Sometimes the sight of a single physical thing can wrench free emotions that you thought you had tightened down.
This happened to me recently at the wake of my friend, Bill Lane. His family had placed his Green Beret from his service in Vietnam atop his coffin. When I saw it, my throat tightened and my eyes welled up as I remembered the many hours I had spent with this amazing man during our time at GE.
When I joined GE's public relations team, Bill already was a legendary speechwriter for Jack Welch. Bill helped Jack change the way CEOs communicated. No fancy boardroom talk or financial bullshit -- just plain, powerful, and realistic language without a hint of elitism. They retooled the workingman’s language for Wall Street and investors loved it.
Bill was an officer in the Green Berets during one of the toughest parts of the Vietnam War, the Tet Offensive. Seeing his Green Beret brought back memories of Bill telling me about his time in Vietnam, not to brag but to shine a spotlight on the idiocy of the mission or the leadership. His stories were always perfectly constructed, without fat, and hilarious and maddening at the same time. And Bill told them with red-hot passion. He’d reach a fiery crescendo and then his mood would improve instantly. He’d smile, shrug his shoulders and say, “Who gives a shit. Let’s get some coffee.”
When Jack Welch retired in 2001, GE put together a book of his 21 annual letters to share owners. Bill's introduction perfectly reflected Jack and the GE culture at the time:
"The letters were often inspiring and uplifting, but could be scary as well, to elements of the management population -- 'and the know who they are.' Startling denunciations and threats were regularly directed at bureaucracy and bureaucrats...from mere 'ridicule and removal,' to annihilation."
Bill and Jack’s writing process was elegantly simple: Jack would dictate the outline of a speech or a share owner letter. Bill would take notes or tape record Jack and then charge down the steps to his office to begin writing on a yellow legal pad with a black felt tip pen. When he was satisfied with what he’d written, Bill would hand the pages to an executive assistant for typing and then would prowl the halls until the document was proofed and sent to Jack.
At times, however, there were a few kinks. Bill and I got a new executive assistant when I joined GE. A few days after she started, Bill needed to get a speech to Jack quickly. He handed a stack of handwritten pages to the new assistant. As Bill hovered nearby, she began typing very slowly -- using only her index fingers.
“Uh oh,” was all Bill said. A few days later, we had a new assistant.
Another time a red-faced Bill came down the hall after meeting with Jack. Our new and very able assistant, Diane Laffitte, asked him how it went. Bill said, “He doesn’t like the photo I picked for the annual report. Says it makes him look bald.” Diane asked, “What did you say?” Bill responded, “I told him he IS fucking bald.”
He did not suppress his sense of humor when dealing with Jack. For example, Bill would listen to Jack give him feedback on a draft of the annual letter and then with a straight face ask, "Do you have any serious comments?"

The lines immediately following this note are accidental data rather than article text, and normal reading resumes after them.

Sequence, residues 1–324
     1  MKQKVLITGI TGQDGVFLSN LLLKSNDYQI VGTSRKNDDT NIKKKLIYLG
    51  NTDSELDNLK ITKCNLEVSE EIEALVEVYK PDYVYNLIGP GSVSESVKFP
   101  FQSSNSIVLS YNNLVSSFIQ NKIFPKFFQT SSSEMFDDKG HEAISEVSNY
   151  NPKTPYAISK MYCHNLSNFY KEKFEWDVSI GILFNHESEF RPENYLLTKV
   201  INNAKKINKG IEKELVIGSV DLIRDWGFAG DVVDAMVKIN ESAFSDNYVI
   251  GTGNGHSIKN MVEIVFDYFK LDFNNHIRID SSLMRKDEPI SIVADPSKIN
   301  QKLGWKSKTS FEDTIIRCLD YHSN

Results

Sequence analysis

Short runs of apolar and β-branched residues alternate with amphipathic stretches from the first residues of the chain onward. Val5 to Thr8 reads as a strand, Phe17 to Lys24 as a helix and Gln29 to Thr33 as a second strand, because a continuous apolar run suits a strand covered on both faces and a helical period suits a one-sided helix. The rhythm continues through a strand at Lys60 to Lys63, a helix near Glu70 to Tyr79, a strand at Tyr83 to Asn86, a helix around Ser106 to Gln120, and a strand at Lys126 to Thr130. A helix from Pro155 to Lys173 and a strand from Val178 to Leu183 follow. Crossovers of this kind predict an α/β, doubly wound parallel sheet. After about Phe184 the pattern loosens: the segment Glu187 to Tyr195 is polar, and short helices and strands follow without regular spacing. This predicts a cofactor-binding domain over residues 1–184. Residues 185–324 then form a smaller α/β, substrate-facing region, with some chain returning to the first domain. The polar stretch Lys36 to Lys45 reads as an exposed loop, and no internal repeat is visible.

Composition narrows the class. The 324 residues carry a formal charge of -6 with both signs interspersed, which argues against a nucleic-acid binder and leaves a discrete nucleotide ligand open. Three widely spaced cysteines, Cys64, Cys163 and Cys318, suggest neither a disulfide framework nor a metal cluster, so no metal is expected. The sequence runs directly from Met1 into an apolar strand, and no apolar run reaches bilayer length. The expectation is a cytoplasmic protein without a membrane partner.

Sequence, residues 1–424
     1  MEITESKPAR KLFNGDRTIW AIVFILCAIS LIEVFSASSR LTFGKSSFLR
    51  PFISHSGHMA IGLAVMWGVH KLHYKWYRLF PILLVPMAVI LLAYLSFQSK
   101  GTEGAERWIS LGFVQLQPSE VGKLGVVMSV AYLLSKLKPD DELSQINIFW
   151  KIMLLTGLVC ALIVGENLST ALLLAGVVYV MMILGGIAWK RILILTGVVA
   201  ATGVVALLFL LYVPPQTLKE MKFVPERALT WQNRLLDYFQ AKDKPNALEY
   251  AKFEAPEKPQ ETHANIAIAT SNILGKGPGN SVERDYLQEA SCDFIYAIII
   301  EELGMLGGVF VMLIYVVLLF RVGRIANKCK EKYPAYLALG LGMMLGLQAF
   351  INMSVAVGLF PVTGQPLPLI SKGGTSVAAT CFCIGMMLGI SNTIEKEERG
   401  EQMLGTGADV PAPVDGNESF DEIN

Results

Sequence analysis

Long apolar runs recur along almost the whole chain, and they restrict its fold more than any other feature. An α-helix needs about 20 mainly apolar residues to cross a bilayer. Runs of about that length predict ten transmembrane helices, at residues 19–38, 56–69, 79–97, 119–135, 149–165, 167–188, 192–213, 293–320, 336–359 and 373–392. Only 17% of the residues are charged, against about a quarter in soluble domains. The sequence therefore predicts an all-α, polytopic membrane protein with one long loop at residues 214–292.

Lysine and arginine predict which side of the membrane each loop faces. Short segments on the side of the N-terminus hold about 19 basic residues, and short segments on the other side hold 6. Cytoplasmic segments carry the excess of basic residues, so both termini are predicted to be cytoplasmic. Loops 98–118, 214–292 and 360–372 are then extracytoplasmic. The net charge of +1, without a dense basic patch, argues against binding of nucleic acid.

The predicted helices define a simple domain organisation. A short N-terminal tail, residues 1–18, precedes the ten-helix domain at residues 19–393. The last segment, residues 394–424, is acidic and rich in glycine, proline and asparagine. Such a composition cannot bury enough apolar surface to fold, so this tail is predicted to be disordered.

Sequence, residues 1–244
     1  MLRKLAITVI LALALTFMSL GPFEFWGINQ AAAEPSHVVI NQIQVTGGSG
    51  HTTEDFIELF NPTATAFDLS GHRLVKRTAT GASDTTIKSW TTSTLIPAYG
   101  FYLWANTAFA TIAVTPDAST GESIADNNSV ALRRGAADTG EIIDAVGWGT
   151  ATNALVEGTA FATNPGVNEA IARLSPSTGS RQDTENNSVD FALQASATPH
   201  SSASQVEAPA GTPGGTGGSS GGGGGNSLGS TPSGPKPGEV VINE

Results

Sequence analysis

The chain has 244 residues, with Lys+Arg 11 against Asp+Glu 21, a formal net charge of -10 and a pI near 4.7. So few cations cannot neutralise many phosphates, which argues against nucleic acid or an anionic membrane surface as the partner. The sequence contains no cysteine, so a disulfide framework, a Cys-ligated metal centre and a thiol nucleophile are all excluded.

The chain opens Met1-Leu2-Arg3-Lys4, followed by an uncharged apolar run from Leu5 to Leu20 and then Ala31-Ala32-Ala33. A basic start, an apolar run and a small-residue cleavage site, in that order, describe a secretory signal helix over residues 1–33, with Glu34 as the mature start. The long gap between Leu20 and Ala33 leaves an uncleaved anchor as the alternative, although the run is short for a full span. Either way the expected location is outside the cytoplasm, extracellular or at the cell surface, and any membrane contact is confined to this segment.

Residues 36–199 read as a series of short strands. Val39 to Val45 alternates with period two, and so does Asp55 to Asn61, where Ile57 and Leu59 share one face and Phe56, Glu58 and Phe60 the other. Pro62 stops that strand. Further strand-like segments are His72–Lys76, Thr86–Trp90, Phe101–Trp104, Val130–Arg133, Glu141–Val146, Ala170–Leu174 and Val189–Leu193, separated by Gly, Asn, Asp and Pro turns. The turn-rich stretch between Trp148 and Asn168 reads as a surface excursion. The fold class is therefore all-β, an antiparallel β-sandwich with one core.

Bill was direct, gruff, and politically conservative as they came. But he never held it against you if you disagreed nor did he take anything too seriously that was outside his control. Words, however, he could control.
He taught others to try to do the same in the famous “Pit” lecture hall at GE’s "Crotonville" learning center. He’d tell junior executives they had to up their communications game if they wanted to climb the GE ladder. “Forget PowerPoint, it’s a plague,” he’d bellow, urging more personal, less formal communications.
Mind you, several years after I arrived at GE in 1999, Bill was still using overhead transparencies. But the medium didn’t matter – his message of simplicity and clarity was burned into the brains of thousands of GE executives over the years.
I write about Bill because he was one of the most important people in my life. When I arrived at GE, I knew almost nothing about business or GE. Bill took the time to help. I’d drop a proposed statement on his desk and he’d return it quickly with big black edits that made my mundane prose passable.
The most fun was working with Bill rehearsing senior leaders for presentations at GE’s annual strategy meeting. In a dark and cavernous ballroom, Bill would stand at the back of the room, microphone in hand and give direct and blunt “voice of god” comments when the executive was done rehearsing:
“What was all that mumbo jumbo up front? Get rid of it.”
Bill could be quite intimidating until you figured out that he was a marshmallow underneath all the muscles; his warmth and caring for others – particularly his family -- could be as powerful as his writing. Our mutual friend Steve Ramsey, who led GE's environment and safety team, described Bill as loyal and generous and reminded me how much fun it was to be around Bill, and how he would pull your chain just to get a rise out of you.
Once he casually mentioned an op-ed he had written in 1988 for the Wall Street Journal about Vietnam veterans. After he left my office, I looked it up and discovered a war story he had not told. During a firefight during the Tet offensive, enemy fire kept him pinned down behind tombstones in a Buddhist cemetery for a day and a night.
Later, on our way to get coffee, I told him it was an amazing story.
His response was pure Bill (and very similar to a line from the op-ed): He rolled his eyes and said, “Don’t make me barf.”